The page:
Precious Metals: Why Did the Fund Flows Drop?



Fund flows drop

The safe-haven bids for gold rose substantially after the Brexit vote took place at the end of June. Increased safe-haven bids got funds flowing to gold. In the following graph, you can see the growth in money flowing to the famous gold-based fund—the SPDR Gold Shares (GLD). GLD has seen an increase of ~26% YTD (year-to-date). However, the past month was slow for gold. It witnessed an ~2% loss. The money flowing to gold also diminished.

GLD reported a 6.5-ton outflow on August 8—the largest outflow in the past month.

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Diminished physical demand

With the sudden rebound in the price of gold after the Brexit vote, physical investors in gold were also shunned away. India, the biggest gold consumer, and China also slowed down their pace. Although physical buying has a little impact on the price of these metals, the prices impact the demand. The funds flowing to the other gold-based funds like the iShares Gold Trust (IAU) have also been slowing down. IAU has a seen a loss of about 1.9% during the past month.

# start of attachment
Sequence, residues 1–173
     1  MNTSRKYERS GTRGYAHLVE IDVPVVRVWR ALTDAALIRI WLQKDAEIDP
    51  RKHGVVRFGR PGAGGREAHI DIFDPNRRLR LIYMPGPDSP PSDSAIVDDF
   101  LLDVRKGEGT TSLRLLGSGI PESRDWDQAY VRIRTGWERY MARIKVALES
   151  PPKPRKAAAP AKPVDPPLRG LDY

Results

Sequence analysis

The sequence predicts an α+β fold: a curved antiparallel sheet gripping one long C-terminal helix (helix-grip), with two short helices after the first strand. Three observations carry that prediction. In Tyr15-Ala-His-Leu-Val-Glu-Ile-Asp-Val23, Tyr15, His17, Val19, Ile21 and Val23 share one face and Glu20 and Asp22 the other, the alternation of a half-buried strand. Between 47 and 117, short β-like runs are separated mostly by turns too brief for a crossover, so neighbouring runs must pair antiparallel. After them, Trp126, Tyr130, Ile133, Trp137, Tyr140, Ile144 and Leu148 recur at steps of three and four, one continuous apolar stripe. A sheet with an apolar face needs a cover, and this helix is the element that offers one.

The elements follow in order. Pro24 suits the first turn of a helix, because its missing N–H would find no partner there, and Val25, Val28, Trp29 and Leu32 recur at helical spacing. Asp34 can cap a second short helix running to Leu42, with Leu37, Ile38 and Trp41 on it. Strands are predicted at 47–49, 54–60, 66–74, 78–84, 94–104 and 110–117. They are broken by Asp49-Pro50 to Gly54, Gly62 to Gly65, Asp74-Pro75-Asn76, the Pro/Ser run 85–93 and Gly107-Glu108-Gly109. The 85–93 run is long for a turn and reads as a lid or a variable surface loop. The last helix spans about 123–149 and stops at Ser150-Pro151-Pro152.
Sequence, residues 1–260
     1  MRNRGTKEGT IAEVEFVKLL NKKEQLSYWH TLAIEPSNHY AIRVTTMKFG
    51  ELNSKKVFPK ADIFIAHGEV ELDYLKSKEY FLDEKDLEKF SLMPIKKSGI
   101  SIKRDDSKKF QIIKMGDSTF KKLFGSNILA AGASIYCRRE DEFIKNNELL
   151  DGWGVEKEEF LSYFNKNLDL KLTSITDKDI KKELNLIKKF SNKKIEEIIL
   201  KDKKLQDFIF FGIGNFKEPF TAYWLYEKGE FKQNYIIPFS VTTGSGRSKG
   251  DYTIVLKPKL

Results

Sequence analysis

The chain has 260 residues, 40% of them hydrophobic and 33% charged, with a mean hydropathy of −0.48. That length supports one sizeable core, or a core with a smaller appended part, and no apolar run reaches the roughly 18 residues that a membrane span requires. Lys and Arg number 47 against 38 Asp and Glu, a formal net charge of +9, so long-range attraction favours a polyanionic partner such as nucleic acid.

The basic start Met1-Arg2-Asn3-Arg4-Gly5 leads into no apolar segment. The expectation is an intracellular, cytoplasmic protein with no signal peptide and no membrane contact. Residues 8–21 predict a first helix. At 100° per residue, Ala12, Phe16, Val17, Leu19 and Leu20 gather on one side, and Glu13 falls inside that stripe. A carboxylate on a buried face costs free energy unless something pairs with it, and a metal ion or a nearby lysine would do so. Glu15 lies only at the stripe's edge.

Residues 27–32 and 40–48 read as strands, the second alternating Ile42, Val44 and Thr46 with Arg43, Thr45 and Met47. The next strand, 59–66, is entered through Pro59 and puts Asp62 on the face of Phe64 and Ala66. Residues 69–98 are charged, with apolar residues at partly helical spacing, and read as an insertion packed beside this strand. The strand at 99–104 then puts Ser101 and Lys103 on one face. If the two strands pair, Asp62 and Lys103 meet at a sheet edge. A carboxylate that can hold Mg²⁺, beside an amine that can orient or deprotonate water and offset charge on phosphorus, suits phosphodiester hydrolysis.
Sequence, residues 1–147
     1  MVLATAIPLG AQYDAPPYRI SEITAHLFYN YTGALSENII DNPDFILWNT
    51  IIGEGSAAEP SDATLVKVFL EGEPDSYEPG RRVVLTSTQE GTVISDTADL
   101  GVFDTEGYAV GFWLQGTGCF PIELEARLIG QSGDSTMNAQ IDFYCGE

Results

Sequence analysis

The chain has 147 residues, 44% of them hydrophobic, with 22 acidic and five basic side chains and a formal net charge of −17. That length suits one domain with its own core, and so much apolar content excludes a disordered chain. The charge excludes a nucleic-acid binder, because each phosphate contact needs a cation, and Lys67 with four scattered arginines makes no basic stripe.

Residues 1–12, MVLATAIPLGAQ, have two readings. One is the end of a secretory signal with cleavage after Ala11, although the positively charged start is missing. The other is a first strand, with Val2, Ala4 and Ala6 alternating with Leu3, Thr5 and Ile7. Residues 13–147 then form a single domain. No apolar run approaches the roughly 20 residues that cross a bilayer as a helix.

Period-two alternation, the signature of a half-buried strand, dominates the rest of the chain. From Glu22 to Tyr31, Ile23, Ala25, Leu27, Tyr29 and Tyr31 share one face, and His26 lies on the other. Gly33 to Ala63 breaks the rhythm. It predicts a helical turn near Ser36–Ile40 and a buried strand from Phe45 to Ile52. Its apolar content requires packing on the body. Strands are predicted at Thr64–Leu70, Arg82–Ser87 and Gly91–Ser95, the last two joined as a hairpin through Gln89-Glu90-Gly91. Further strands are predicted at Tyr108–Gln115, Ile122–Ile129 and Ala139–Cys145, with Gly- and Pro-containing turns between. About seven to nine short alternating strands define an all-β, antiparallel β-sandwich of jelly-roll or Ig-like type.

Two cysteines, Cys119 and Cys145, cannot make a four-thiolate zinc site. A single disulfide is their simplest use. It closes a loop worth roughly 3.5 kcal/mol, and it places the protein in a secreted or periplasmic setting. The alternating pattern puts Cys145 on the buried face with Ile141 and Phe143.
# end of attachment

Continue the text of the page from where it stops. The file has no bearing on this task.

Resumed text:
Leveraged funds like the Direxion Daily Gold Miners (NUGT) and the silver-based ProShares Ultra Silver (AGQ) have seen a loss of 2.4% and 4.6%, respectively, on a 30-day trailing basis.

These two precious metals have been the best performing metals during the first quarter. However, their pace eventually slowed down. Over the past month, gold and silver were ranked at 16 and 22, respectively, on the S&P GSCI (Goldman Sachs Commodity Index). Silver is the best performing commodity, while gold is fourth YTD.


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